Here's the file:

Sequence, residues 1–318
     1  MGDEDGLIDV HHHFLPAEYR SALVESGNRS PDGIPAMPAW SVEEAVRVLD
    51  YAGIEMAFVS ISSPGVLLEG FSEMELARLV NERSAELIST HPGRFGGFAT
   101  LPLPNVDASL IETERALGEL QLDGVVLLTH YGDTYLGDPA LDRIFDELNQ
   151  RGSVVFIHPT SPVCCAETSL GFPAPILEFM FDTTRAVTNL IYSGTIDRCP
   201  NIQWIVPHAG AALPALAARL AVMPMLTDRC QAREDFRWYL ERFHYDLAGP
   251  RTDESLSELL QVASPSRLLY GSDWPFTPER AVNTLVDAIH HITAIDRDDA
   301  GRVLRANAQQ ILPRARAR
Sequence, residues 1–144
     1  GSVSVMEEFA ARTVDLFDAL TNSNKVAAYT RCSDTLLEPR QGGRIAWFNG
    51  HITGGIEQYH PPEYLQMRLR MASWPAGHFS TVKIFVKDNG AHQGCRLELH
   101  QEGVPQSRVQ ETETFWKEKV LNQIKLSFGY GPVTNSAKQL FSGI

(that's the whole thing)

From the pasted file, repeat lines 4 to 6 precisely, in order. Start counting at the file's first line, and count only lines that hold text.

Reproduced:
   101  LPLPNVDASL IETERALGEL QLDGVVLLTH YGDTYLGDPA LDRIFDELNQ
   151  RGSVVFIHPT SPVCCAETSL GFPAPILEFM FDTTRAVTNL IYSGTIDRCP
   201  NIQWIVPHAG AALPALAARL AVMPMLTDRC QAREDFRWYL ERFHYDLAGP